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Homework Help: Interference problem

  1. Feb 9, 2014 #1
    1. The problem statement, all variables and given/known data
    A system illustrated in the figure consists of two coherent point sources 1 and 2 located in a certain plane so that their dipole moments are oriented at right angles to that plane. The sources are separated by a distance d, the radiation wavelength is equal to ##\lambda##. Taking into account that the oscillations of source 2 lag in phase behind the oscillations of source 1 by ##\phi## (##\phi<\pi##), find the angles ##\theta## at which the radiation intensity is maximum.

    2. Relevant equations

    3. The attempt at a solution
    Let the radiations from the sources ##S_1## and ##S_2## interfere at a point P. As the radiation from ##S_1## is already ahead by the given phase, I have
    $$S_2P=S_1 P+d\cos\theta-\frac{\phi \lambda}{2\pi}$$
    For constructive interference,
    But solving the above equations doesn't give the right answer. :confused:

    Attached Files:

  2. jcsd
  3. Feb 9, 2014 #2


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    If you mean that S2P and S1P are distances of the point P from the sources, S2P - S1P≈dcosθ (when d<<S1P and d<<S2P). The phase difference between the rays arriving at P is (2π/λS2P-Φ -2π/λS1P), the effective path difference is S2P-S1P-Φλ/(2π) and that must be equal to integer times lambda.

  4. Feb 9, 2014 #3
    Hi ehild! :)

    Your method makes sense to me but solving it further doesn't seem to give the correct answer. Since ##S_2P-S_1P=d\cos\theta##, for constructive interference, I get:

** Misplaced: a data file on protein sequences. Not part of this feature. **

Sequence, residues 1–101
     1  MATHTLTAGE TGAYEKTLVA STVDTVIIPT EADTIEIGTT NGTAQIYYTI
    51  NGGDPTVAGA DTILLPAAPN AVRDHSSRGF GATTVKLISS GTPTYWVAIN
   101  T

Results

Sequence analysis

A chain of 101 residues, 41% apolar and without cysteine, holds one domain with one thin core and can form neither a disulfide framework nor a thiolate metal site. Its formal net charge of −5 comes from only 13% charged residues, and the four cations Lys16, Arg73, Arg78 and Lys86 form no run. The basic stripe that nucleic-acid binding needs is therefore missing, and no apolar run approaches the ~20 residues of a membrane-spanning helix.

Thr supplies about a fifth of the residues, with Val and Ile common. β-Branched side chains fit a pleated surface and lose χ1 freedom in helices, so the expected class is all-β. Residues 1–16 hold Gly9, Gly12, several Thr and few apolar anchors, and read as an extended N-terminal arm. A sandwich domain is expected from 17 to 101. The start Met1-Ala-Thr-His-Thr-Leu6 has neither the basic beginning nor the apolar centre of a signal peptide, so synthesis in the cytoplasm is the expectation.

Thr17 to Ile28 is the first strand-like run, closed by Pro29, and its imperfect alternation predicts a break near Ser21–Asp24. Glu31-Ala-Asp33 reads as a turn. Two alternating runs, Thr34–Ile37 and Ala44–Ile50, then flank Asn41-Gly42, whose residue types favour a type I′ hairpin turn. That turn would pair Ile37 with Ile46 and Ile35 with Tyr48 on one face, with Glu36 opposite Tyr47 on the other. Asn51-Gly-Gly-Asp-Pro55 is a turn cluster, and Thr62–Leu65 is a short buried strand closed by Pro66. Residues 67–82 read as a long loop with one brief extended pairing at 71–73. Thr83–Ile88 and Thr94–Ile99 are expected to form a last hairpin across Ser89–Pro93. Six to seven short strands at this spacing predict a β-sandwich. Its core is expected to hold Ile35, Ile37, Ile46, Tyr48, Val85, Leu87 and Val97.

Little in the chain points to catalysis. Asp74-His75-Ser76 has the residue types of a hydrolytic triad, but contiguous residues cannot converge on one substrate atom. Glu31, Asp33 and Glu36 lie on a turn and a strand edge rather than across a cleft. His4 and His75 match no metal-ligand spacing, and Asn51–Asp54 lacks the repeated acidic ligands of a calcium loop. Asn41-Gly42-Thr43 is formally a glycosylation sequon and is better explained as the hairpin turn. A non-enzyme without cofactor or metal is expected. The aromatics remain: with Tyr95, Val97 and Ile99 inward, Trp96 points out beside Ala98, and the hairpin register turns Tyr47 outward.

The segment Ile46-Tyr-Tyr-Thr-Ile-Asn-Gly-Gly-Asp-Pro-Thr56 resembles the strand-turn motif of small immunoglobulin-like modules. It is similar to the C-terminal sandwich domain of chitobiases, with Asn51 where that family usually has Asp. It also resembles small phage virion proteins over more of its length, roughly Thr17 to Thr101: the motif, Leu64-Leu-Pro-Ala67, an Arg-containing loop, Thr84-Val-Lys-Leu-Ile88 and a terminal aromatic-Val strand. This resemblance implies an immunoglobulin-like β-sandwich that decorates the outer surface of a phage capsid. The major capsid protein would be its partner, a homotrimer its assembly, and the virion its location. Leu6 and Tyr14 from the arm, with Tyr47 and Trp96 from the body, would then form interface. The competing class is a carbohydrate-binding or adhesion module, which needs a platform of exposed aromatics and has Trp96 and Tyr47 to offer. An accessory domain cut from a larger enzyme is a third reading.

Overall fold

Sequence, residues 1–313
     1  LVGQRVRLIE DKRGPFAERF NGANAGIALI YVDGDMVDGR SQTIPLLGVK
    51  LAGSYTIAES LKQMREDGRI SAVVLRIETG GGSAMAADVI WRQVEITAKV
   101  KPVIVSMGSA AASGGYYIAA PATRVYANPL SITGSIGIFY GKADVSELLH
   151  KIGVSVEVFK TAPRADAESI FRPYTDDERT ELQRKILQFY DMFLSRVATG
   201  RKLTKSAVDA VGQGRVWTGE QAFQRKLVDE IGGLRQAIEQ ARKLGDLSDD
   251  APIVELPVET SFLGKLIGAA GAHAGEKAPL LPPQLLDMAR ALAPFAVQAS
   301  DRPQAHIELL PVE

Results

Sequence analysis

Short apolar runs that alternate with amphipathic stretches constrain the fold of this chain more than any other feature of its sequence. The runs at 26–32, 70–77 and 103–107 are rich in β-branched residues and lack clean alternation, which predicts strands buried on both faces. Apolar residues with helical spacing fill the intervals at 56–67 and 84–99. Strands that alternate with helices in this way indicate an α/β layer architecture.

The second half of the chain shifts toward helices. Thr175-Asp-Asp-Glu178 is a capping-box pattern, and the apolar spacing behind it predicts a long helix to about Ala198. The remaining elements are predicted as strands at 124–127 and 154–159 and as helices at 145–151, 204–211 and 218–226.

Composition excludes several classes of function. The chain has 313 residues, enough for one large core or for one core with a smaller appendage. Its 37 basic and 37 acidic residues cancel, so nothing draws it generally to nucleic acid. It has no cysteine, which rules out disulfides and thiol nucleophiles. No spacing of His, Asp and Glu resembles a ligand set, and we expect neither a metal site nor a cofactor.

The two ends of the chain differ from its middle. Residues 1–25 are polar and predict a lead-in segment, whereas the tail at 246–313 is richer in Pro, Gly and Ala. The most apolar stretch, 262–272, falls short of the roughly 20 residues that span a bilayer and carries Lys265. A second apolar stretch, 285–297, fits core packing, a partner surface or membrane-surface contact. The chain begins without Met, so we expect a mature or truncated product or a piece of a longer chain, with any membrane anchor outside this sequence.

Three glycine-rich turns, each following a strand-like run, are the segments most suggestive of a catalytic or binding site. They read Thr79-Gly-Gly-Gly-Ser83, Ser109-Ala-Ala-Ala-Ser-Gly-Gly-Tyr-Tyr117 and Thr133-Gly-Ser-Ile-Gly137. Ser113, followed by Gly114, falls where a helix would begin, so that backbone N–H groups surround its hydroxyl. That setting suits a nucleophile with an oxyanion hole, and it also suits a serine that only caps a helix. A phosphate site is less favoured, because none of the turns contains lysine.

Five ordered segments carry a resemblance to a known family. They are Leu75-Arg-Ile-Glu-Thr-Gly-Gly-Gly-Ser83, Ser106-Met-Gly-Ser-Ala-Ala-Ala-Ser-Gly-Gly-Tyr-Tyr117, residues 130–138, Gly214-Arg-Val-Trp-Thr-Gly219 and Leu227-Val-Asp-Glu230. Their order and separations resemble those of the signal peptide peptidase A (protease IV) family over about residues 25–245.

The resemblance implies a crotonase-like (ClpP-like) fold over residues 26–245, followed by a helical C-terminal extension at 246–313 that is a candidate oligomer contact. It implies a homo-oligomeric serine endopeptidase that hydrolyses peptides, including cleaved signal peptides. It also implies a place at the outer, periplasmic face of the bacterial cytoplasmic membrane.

$$d\cos\theta-\frac{\phi \lambda}{2\pi}=n\lambda \Rightarrow \cos\theta=\left(n+\frac{\phi}{2\pi}\right)\frac{\lambda}{d}$$
    But the given answer is:
  5. Feb 9, 2014 #4


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    It appears to me that the problem is worded such that dipole 2 lags dipole 1 in time. So, the phase lag in wave 2 is a phase lag in time, not distance.
  6. Feb 9, 2014 #5


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    You are right, the phase of the light from source 2 is (2pi/λ)s2-(ωt-Φ) which results in a positive phase difference in distance.

  7. Feb 9, 2014 #6
    Sorry if this is a stupid question but what is the difference between the two? :confused:
  8. Feb 9, 2014 #7


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    Read my previous post. -Φ is associated with the time term in the phase of the wave. You get "+Φ" added to the space part.

    [tex]d\cos\theta+\frac{\phi \lambda}{2\pi}=n\lambda [/tex]

  9. Feb 9, 2014 #8
    I still don't seem to understand the difference between "phase lag in time" and "phase lag in distance". :(

    Working backwards from the answer, the phase difference must be
    But I don't get why we add ##\phi##. What is the difference in answer if it is mentioned that "phase lag is in distance"? :confused:
    Last edited: Feb 9, 2014
  10. Feb 9, 2014 #9


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    A travelling wave is of the form E=Eosin(ωt-kr). If the oscillation of S2 lags behind S1, the time lag appears in the ωt term : it becomes ω(t-Δt). The phase changes by -ωΔt=-Φ, but you can incorporate that Φ into the -kr term, with positive sign.

  11. Feb 9, 2014 #10
    Sorry if this is going to sound stupid but in this case, would it be correct to say that oscillation of S2 lags by ##\phi## in time but is ahead by ##\phi## in distance?

    Also, how do you conclude from the problem statement that the phase lag is in time not in distance? :confused:
  12. Feb 9, 2014 #11


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    No, I do not think so. Lag means something that happens later. There is phase difference because of time lag, and because of longer distance travelled.

    That was the problem statement:
    The sources are oscillating dipoles. Their motion is not in phase.
    The interference happens between the waves. Their phase difference is due to the time lag and the path difference.

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